Notwithstanding the stay of the Clean Power Plan, the Midcontinent Independent System Operator (MISO) is forging ahead with investigating potential CPP impacts in the MISO region. MISO released the final installment of its near-term CPP modeling at its Planning Advisory Committee meeting last Wednesday, February 17, 2016. This analysis looks at impacts to MISO’s member-states under different compliance and capacity scenarios. Prior analyses examined the range of available compliance pathways and regional impacts.
MISO found that both rate- and mass-based compliance will result in generation changes, and as a result, transmission expansion needs will be comparable regardless of which compliance scheme a state elects. MISO’s modeling also indicates that mass-based compliance will produce a more balanced mix of buyers and sellers in the allowance and Emission Rate Credit (ERC) trading market. States selling ERCs, however, will see more value under rate-based compliance.
In four of the five different capacity scenarios that MISO modeled, the majority of MISO states had lower production costs under mass-based compliance. According to MISO, rate-based compliance would be less expensive for states only if the MISO region achieves heavy penetration of renewables and energy efficiency. Even then, rate-based compliance will be cheaper only for a few states (Illinois, Louisiana, Wisconsin, and Arkansas); most states will see little cost difference between compliance schemes.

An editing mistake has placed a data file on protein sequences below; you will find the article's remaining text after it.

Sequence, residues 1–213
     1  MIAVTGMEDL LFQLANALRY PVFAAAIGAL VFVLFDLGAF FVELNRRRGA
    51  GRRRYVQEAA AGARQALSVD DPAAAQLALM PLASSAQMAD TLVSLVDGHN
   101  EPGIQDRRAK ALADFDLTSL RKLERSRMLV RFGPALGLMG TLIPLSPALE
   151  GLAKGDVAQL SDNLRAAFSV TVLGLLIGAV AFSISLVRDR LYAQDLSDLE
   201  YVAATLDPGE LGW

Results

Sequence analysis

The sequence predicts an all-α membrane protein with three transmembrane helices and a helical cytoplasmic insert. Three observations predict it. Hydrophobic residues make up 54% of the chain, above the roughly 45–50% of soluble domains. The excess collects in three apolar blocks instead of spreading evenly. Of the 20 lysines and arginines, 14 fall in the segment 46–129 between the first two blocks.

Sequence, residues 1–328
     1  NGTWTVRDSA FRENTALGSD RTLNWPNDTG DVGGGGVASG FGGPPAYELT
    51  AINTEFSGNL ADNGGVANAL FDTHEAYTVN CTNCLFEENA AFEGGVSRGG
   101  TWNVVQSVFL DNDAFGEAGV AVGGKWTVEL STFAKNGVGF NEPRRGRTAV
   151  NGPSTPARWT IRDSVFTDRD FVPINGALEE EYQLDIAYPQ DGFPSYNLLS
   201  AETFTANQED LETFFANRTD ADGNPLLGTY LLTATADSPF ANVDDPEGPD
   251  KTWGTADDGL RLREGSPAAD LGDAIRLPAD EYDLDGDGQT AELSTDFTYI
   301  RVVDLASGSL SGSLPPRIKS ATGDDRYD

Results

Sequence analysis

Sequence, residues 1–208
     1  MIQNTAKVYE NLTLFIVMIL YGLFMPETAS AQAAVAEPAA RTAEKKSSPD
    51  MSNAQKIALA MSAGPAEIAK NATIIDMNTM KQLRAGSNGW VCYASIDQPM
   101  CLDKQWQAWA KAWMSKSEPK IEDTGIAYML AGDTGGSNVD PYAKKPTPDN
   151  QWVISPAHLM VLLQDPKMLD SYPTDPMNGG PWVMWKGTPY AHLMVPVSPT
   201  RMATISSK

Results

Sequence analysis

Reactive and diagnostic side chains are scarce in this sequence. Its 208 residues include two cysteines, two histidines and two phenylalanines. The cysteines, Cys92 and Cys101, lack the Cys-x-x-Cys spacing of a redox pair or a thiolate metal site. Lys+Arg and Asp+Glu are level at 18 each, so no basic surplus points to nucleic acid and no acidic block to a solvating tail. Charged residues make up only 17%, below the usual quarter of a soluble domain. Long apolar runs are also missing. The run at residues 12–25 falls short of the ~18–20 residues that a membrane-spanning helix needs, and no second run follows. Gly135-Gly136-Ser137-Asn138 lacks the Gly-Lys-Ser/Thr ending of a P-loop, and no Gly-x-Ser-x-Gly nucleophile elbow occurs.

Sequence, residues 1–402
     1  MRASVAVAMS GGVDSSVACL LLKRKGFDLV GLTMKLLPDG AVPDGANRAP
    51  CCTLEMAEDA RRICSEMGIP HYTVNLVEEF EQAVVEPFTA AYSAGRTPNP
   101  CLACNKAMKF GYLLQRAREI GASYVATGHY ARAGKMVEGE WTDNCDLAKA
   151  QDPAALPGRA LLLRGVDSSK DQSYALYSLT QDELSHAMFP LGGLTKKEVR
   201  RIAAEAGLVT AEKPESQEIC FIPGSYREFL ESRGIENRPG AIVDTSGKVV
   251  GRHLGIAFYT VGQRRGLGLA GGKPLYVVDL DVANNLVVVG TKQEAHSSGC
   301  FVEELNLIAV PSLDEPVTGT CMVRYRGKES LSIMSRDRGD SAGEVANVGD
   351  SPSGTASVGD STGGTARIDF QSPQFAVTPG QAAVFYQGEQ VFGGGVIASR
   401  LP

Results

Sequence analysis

In addition to the various capacity scenarios, MISO ran two “patchwork” compliance scenarios—the first assuming states would split 50-50 between rate-based and mass-based compliance, and the second assuming 70% of states would elect mass-based compliance. Under the 50-50 scenario, nine MISO states reaped cost advantages under mass-based compliance, compared to just five states (South Dakota, Louisiana, Michigan, Mississippi, and North Dakota) that saw cheaper costs under rate-based compliance. Under the 70-30 scenario, however, mass-based compliance was cheaper for fourteen MISO states.
MISO will unveil the initial results of its mid-term analysis, which will look closer at preparing the transmission grid for compliance, at its March Planning Advisory Committee meeting. MISO says that it will work with stakeholders to determine the effects (if any) of the recent CPP stay on its future planning efforts.